while its initial state should be set at

               xd1 (0) = 0,      xd2 (0) = 0,       xd3 (0) = A ω,       xd4 (0) = 0.

    We note that, if the change of coordinates (8) is used, there is an ‘asym-
metric’ singularity in the state and input trajectory when ẋd (t̄) = 0, for some
t̄ > t0 . This coincides with the situation θd (t̄) = π/2, where the chained-form
transformation is not defined.
    On the other hand, if the chained form comes from the model in path vari-
ables (14) through the change of coordinates (15), the state and input trajectory
needed to track the reference output trajectory s = sd (t), d = dd (t) = 0, t ≥ t0 ,
Feedback Control of a Nonholonomic Car-Like Robot             193

are simply obtained as
                                      xd1 (t) = sd (t)
                                      xd2 (t) = 0
                                      xd3 (t) = 0
                                      xd4 (t) = 0
                                      ud1 (t) = ṡd (t)
                                      ud2 (t) = 0,
without any singularity.
    Similar developments can be repeated more in general, e.g., for the case of
a nonholonomic mobile robot with N trailers. In fact, once the position of the
last trailer is taken as the system output, it is possible to compute the evolution
of the remaining state variables as well as of the system inputs as functions of
the output trajectory (i.e., of the output and its derivatives up to a certain
order). Not surprisingly, the same is true for the chained form (7) by defining
(x1 , xn ) as system outputs.
    The above property has been also referred to as differential flatness [36],
and is mathematically equivalent to the existence of a dynamic state feedback
transformation that puts the system into a linear and decoupled form consisting
of input-output chains of integrators. The algorithmic implementation of the
latter idea will be shown in Sect. 3.3.

3.2   Control via approximate linearization
We now present a feedback controller for trajectory tracking based on standard
linear control theory. The design makes use of the approximate linearization of
the system equations about the desired trajectory, a procedure that leads to a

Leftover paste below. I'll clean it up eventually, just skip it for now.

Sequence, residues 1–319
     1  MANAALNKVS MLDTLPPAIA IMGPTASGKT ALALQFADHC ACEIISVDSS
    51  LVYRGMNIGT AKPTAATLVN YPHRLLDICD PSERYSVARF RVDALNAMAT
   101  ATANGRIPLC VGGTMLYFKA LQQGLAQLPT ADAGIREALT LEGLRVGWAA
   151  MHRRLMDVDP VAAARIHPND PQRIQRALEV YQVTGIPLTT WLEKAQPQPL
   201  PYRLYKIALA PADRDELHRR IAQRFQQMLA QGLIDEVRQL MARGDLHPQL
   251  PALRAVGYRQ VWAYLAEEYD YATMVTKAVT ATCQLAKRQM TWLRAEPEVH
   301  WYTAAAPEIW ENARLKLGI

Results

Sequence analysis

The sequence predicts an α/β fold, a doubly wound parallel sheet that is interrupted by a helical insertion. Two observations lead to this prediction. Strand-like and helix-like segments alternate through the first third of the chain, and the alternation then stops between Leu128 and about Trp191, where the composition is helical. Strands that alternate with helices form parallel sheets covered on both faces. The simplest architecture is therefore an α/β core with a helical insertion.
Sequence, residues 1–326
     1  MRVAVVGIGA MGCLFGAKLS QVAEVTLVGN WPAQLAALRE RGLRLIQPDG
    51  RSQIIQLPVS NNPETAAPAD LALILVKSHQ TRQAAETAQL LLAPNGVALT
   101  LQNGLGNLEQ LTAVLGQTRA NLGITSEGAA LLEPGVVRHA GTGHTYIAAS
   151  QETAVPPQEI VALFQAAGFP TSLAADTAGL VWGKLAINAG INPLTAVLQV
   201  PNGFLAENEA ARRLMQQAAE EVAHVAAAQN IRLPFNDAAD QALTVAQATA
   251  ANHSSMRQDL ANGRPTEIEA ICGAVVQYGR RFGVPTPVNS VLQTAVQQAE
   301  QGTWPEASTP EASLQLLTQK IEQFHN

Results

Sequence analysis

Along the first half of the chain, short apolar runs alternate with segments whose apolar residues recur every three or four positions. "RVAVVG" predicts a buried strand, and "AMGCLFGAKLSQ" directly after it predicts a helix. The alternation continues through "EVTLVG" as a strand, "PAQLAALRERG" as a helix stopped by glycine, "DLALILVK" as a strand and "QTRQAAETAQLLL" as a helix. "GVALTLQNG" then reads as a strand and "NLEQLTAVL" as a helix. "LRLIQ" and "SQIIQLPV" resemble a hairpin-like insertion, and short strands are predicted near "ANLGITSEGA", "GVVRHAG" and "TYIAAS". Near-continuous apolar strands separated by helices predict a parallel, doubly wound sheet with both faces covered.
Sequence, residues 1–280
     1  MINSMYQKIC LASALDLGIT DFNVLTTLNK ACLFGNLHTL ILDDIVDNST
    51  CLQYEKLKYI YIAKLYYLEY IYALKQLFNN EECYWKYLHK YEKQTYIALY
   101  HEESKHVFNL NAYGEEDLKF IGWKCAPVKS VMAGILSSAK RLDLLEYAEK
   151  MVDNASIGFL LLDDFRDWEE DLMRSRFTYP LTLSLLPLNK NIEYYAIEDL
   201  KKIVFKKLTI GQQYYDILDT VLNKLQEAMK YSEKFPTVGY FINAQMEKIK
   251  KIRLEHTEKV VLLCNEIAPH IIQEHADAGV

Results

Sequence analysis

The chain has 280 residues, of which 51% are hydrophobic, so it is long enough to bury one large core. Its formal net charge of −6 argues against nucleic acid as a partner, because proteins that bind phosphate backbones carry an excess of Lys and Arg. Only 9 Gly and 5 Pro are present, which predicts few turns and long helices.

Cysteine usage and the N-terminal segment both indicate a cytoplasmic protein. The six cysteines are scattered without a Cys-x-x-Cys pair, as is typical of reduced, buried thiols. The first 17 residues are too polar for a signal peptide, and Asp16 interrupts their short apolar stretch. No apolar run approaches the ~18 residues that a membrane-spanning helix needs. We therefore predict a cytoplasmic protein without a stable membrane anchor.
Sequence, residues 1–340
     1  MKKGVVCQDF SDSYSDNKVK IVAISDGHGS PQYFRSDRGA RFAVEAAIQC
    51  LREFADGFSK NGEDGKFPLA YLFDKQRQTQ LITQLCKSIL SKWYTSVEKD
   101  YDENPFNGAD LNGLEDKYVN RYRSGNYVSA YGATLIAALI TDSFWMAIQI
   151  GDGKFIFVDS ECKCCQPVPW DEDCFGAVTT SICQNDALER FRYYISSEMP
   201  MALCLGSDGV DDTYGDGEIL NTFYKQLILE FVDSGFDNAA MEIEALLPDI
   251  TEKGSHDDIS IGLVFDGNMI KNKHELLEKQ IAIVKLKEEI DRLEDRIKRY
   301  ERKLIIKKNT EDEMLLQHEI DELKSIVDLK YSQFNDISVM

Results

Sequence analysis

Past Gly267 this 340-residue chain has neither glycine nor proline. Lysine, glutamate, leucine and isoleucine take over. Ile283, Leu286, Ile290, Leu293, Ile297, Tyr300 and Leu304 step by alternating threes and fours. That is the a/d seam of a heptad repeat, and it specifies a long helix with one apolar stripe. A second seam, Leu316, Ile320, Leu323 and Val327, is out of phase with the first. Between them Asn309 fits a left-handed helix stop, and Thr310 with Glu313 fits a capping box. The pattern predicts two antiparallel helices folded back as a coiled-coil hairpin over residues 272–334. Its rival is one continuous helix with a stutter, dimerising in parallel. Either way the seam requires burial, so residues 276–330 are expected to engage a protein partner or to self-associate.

time-varying system as seen in Sect. 2.2. A remarkable feature of this approach
in the present case is the possibility of assigning a time-invariant eigenstructure
to the closed-loop error dynamics.
    In order to have a systematic procedure that can be easily extended to
higher-dimensional wheeled robots (i.e., n > 4), the method is illustrated for
the chained form case. However, similar design steps for a mobile robot in
original coordinates can be found in [42].
    For the chained-form representation (10), denote the desired state and input
trajectory computed in correspondence to the reference cartesian trajectory
as in Sect. 3.1 by (xd1 (t), xd2 (t), xd3 (t), xd4 (t)) and ud (t) = (ud1 (t), ud2 (t)) .
Denote the state and input errors respectively as
           x̃i = xdi − xi ,   i = 1, . . . , 4,    ũj = udj − uj ,   j = 1, 2.
194     A. De Luca, G. Oriolo and C. Samson

The nonlinear error equations are

                              x̃˙ 1   = ũ1
                              x̃˙ 2   = ũ2
                              x̃˙ 3   = xd2 ud1 − x2 u1
                              x̃˙ 4   = xd3 ud1 − x3 u1 .

Linearizing about the desired trajectory yields the following linear time-varying
                                                
                  0 0       0 0            1 0
                0 0        0 0        0 1
          x̃˙ = 
                 0 ud1 (t) 0 0  x̃ +  xd2 (t) 0  ũ = A(t)x̃ + B(t)ũ.
                                                 